Wilson: I’m a residential property owner and of age. I’m no stranger to those who vote and I’m especially not a stranger to our current or past county commissioners. Each time previous that I have been on the ballot, it’s for the same reason, and that is to provide proper oversight for each tax dollar spent and to ensure taxpayers receive the essential government services they pay taxes for. One recent example is County Administrator Michael Overton’s request that the Jackson County Board of Commission replace general fund allocations which funds county agencies with millages. Just a few months ago, county commissioners voted to defund senior services from the general fund and instead voted to place a Senior Services property tax millage on the August, 2020 ballot. This is wrong, each county agency SHOULD be funded from the county’s general fund. Taxpayers already pay county taxes and there is no reason they should have to pay a separate millage to mostly fund each and every county agency.

Due to our current circumstances, what are the most important challenges facing our community, and how do you propose to address them?

Osinski: Our biggest challenge facing our community this fiscal year will be lost revenues. I will be looking for alternative sources of revenue; grant writing, cost sharing and hosting events on county properties. Revenue will also be an issue for businesses that require foot traffic. We will need to be flexible regarding any legislative changes required that could hinder their ability to operate in a safe manner. Another challenge I foresee is an increased demand for mental health services due to the affects from covid. I would address that challenge by being proactive. I feel it is essential for the county board to cooperate with local businesses and all facets of government. The costs of ignoring mental health issues at the forefront multiply over time. Being good stewards of our environment is important and especially for district 2. We are blessed with lakes, rivers and trails that should be preserved for generations to come.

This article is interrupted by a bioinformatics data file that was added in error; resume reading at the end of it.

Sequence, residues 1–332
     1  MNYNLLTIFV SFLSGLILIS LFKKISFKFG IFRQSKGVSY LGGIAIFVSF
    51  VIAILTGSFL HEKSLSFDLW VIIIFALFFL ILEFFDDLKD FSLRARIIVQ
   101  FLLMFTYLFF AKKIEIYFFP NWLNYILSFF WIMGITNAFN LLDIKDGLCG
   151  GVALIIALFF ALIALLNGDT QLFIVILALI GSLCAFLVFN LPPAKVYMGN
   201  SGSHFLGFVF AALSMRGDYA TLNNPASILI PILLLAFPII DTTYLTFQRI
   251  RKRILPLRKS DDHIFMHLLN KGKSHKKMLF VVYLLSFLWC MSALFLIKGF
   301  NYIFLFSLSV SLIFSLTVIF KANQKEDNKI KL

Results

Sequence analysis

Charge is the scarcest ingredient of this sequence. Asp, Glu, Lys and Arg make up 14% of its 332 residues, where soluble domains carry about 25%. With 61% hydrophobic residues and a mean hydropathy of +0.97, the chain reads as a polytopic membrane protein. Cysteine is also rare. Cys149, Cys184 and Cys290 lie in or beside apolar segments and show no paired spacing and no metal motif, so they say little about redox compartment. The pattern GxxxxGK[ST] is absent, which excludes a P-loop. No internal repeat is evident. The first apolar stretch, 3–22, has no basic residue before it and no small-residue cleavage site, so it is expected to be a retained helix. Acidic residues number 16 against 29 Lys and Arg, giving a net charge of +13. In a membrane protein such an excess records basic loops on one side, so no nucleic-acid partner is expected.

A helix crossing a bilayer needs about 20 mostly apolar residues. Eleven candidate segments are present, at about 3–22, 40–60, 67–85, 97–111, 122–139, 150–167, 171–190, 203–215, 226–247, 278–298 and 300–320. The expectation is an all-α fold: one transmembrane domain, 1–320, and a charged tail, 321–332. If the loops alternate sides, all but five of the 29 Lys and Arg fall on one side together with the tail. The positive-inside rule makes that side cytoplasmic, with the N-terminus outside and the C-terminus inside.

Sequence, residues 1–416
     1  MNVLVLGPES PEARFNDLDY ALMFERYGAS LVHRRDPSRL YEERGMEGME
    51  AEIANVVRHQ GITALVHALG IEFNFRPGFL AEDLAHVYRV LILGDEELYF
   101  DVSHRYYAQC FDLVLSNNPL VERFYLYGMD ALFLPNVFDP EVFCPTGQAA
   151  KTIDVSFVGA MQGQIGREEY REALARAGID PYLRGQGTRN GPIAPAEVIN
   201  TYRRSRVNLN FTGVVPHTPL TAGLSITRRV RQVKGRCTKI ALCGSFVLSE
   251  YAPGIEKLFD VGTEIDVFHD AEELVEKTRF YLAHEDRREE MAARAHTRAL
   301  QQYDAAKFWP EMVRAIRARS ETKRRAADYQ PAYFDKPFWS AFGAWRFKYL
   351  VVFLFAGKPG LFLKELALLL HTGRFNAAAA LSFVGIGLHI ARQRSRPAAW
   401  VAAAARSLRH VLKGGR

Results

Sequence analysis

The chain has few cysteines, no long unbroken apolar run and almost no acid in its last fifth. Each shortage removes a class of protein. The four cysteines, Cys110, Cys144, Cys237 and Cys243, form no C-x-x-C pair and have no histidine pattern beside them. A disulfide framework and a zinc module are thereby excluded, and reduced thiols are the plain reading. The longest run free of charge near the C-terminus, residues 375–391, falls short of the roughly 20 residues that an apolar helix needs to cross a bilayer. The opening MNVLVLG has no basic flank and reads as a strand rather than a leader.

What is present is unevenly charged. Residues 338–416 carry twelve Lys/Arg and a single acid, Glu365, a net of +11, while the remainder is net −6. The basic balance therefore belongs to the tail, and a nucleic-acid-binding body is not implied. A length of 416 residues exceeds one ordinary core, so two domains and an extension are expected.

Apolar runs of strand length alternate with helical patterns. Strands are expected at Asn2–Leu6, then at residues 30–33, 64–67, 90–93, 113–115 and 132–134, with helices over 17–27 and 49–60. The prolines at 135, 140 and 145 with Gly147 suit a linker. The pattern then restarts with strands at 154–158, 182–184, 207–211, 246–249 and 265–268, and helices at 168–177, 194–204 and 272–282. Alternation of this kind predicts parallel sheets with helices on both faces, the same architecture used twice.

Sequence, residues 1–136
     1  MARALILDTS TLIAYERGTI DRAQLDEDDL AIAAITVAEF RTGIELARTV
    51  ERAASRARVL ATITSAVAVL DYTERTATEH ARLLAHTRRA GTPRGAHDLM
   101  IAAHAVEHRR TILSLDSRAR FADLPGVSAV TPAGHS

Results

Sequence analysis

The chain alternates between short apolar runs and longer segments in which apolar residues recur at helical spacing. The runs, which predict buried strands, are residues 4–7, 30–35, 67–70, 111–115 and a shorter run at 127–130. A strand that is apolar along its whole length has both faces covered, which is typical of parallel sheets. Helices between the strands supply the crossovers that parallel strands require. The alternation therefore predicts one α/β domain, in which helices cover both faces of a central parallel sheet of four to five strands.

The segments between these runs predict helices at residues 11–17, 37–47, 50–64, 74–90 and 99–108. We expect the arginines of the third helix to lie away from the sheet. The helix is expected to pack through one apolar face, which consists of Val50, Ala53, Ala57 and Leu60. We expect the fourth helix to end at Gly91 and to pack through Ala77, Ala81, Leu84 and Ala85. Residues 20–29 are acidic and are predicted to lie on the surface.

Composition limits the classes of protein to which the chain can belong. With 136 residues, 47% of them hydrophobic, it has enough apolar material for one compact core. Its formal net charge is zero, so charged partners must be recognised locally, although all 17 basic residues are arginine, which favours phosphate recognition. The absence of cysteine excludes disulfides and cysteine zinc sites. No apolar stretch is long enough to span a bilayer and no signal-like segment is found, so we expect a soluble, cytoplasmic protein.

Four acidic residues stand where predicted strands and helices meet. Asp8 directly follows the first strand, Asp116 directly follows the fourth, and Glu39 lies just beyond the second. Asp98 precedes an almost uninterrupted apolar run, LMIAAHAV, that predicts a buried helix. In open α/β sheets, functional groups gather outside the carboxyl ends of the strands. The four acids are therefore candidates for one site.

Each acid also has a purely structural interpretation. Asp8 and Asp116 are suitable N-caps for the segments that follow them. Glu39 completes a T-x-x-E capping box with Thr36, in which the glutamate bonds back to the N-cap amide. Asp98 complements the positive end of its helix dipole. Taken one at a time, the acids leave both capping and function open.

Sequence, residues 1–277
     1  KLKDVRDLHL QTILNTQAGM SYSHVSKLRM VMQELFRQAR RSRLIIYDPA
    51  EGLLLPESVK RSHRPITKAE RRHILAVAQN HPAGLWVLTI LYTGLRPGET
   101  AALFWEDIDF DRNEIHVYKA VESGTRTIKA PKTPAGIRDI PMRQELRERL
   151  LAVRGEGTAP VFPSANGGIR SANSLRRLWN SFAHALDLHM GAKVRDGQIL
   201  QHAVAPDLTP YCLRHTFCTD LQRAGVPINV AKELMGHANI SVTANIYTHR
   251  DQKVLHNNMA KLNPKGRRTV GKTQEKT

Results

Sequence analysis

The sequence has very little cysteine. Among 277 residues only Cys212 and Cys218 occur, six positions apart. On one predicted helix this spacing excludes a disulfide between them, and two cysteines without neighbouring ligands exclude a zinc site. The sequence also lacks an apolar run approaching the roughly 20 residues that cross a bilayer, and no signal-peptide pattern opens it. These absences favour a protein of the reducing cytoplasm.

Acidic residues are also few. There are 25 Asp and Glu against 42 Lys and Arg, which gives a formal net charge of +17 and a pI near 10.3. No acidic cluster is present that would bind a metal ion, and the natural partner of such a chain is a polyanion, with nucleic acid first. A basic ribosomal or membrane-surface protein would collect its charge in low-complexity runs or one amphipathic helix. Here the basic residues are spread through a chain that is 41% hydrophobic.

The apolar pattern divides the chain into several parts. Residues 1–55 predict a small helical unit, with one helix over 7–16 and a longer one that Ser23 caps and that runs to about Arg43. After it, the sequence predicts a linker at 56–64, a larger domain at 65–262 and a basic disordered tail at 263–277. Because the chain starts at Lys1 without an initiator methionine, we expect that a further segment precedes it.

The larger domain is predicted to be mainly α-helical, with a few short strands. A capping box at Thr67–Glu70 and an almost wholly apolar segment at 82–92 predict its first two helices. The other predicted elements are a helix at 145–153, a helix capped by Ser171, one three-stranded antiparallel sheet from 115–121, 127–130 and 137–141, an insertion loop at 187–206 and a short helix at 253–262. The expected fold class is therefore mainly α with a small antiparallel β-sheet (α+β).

Walz: With the pandemic, we need to get people back to work and business open. Although some will never reopen. We have to work on finding safe and healthy ways to strengthen our economy.

Williams: I believe some of Jackson County’s more significant issues have been: the voice of the community being ignored. I have heard how much of the community feel as if their voice is not being heard. I spoken with people from all over the district, and listened to their needs and have done much to bring their voice to the county desk. If I am re-elected, I will continue my efforts to advocate and asking the tough questions so the 8th district can have the best representation Secondly, I have worked on building the necessary bridges to help our business in Jackson county I have advocated for business in the county in many ways. Moreover, Jackson county has an ongoing problem for many years of the Cascade lagoons flooding and causing much damage to many homes in the area. If re-elected, I will continue my efforts to rid the community of this damaging problem. Further, These are just a few examples of the commitment I have given to the 8th district.

Wilson: The lack of transparency and commissioner oversight on how the 2018 county parks millage is being spent. The parks millage passage gave county officials the green light to fix and maintain our county parks. Just after the millage vote, county commissioners decided to integrate the fairgrounds into the county parks system which would allow parks millage dollars to be spent on the new, rebranded Keeley Park. While Keeley Park is very nice, that wasn’t supposed to be part of the parks millage. Recently, county commissioners voted to purchase land in Blackman Township to construct a new county park. Just two weeks ago, county commission moved forward partnering with the city to spend $30 million on expanding the city and county’s bike and walking trails. On June 26, two years since the passage of the parks millage, Cascades Falls closed abruptly due to a major electrical system failure. The parks millage was advertised it would fix the Falls electrical issue, what happened?


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Author: HOCAdmin